|Members of the Surrey Fire Services and the Surrey RCMP are briefed before the start of an education campaign, which resulted in a 64 per cent drop in break-and-enters and a 19 per cent drop in the annual rate of house fires.
Photo courtesy Surrey Fire ServiceS
“Improving safety in our community is a shared goal of the Surrey RCMP and Surrey Fire Services,” said RCMP Assistant Commissioner Fraser MacRae, who is in charge of the Surrey detachment. “This program illustrates that by working together, we can deliver on our organizations’ public safety objectives in a more proactive and effective way.”
The initiative grew from the City of Surrey’s neighbourhood-development efforts in the Newton area. The RCMP had identified Newton as a hot spot for opportunistic break-and-enters, the result of people leaving doors or windows open or unattended. SFS identified a higher-than-average percentage of cooking fires in Newton after working with the city’s geographic information system (GIS) to cross-reference fire data with addresses in the target neighbourhood. Education packages containing crime, fire-safety and smoke-alarm information were then compiled for distribution as part of the Safer Summer campaign.
“We didn’t blindly approach this – we know that distributing educational information to residents at their homes is effective,” Surrey Fire Chief Len Garis explained. “There is a large body of international research on this topic, and we’ve seen the results firsthand here in Surrey with our HomeSafe fire safety program.”
The initiative went into action on a summer evening in 2010, when about 80 RCMP and SFS members converged on a unified command post set up in the parking lot of the local recreation centre. The contingent included auxiliary police officers and volunteer firefighters, along with off-duty RCMP officers and career firefighters.
Participants were split into teams of four – two RCMP, two firefighters – and received a list of addresses and a 30-minute briefing on the campaign’s objectives: to provide information on summer crime and fire safety, and to show that the city’s fire and police services are working together.
One firefighter and one RCMP officer approached each address, providing the residents with a brief explanation of the Safer Summer campaign before handing them the information package. If no one was home, the packages were hung on the front doorknob.
Team leaders monitored the progress throughout the evening, reporting back to the command unit regularly. Four hours later, the teams had knocked on about 2,200 doors, making direct contact with residents in about 60 per cent of the households.
Both agencies found that the initiative had achieved its primary goal – improved community safety – after analyzing the results a year following the intervention.
For its analysis, the RCMP asked residents who had been approached during the campaign if they had been the target of break-and-enters, and if so, whether the incidents were the result of them leaving their doors and windows unsecured or unattended.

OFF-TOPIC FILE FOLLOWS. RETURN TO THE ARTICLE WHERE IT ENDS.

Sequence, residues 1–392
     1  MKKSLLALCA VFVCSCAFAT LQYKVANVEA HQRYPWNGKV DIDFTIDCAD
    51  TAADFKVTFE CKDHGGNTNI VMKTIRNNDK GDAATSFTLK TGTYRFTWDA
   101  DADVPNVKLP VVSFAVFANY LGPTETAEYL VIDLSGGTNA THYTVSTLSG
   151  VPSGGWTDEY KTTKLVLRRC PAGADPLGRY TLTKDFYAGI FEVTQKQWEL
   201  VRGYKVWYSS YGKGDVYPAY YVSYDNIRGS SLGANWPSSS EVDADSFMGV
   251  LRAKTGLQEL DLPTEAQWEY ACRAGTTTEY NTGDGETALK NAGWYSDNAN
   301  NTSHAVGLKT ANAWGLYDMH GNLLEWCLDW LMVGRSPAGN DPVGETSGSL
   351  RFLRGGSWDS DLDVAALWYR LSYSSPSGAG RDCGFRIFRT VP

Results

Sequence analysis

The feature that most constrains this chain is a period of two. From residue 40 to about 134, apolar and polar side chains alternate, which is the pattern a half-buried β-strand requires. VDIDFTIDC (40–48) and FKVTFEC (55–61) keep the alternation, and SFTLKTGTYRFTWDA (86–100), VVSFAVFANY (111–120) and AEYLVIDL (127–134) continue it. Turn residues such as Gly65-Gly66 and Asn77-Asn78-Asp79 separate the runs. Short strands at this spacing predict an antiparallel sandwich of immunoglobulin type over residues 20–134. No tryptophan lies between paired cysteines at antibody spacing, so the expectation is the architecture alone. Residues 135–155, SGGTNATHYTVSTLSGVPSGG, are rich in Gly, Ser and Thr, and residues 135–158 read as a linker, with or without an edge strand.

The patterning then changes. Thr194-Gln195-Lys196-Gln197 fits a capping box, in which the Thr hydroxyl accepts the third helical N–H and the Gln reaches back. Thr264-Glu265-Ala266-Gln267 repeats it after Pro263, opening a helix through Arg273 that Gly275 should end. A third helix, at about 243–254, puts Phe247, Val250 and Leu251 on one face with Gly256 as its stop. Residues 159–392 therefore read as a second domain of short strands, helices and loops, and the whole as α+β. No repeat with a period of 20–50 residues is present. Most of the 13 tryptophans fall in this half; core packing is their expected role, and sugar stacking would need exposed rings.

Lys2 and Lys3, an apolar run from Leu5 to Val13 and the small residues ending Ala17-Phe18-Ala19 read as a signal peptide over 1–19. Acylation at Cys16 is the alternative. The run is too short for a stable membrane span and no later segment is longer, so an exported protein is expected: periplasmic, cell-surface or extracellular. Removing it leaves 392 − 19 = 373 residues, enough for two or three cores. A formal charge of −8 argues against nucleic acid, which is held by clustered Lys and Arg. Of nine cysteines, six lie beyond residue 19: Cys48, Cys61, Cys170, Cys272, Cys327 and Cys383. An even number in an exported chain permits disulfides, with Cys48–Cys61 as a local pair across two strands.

The results were significant. The RCMP findings indicate the campaign may have contributed to an overall 64 per cent reduction in break-and-enters in the targeted area (a decrease of 30 incidents). As well, the overall number of opportunistic break-and-enters in the target area decreased to eight from 30, or 78 per cent, over three years.
A post-campaign evaluation by SFS also revealed positive results. After analyzing data for the two years before and one year following the campaign, the department found a 19 per cent reduction in the annual rate of residential fires (per 1,000 dwellings) in the target area (to 1.30 from 1.60). There was also an increase in the number of days between fires post-intervention, to one fire every 128.3 days from one fire every 104.1 days pre-intervention.
It should be noted that a total of 10 fires occurred during the three-year evaluation period; given such a small sample size, there is a high risk of variation due to chance. The number of homes visited during the campaign represented about 1.6 per cent of all non-apartment residences in Surrey at that time.
Beyond any reduction in crime and fires, however, the initiative offered considerable value to the City of Surrey because it further strengthened the relationship between the community’s fire and police services. The two agencies have successfully collaborated on issues of shared interest in the past, such as motor vehicle accident responses.
Since the initiative, Surrey RCMP and SFS have made an effort to demonstrate their close working relationship to the community at non-emergency events, such as parades and civic festivals. Consideration is also being given to other potential partnership opportunities in the future.
“This was a community problem, and Surrey’s community services came together to try to combat that problem,” Chief Garis said. “By partnering and sharing resources, we can work more effectively and strategically. Ultimately, our community is the winner here.”
Len Garis is the fire chief for the City of Surrey, B.C., and is an adjunct professor in the School of Criminology and Criminal Justice at the University of the Fraser Valley and a member of the Institute of Canadian Urban Research Studies (ICURS), Simon Fraser University.
Dr. Joe Clare, the strategic planning analyst for the Surrey Fire Service, is also an associate professor in the Crime Research Centre, University of Western Australia, and a member of the Institute of Canadian Urban Research Studies (ICURS), Simon Fraser University.
Until his retirement on May 31, 2012, Fraser MacRae was the assistant commissioner, officer in charge, at the RCMP detachment in Surrey.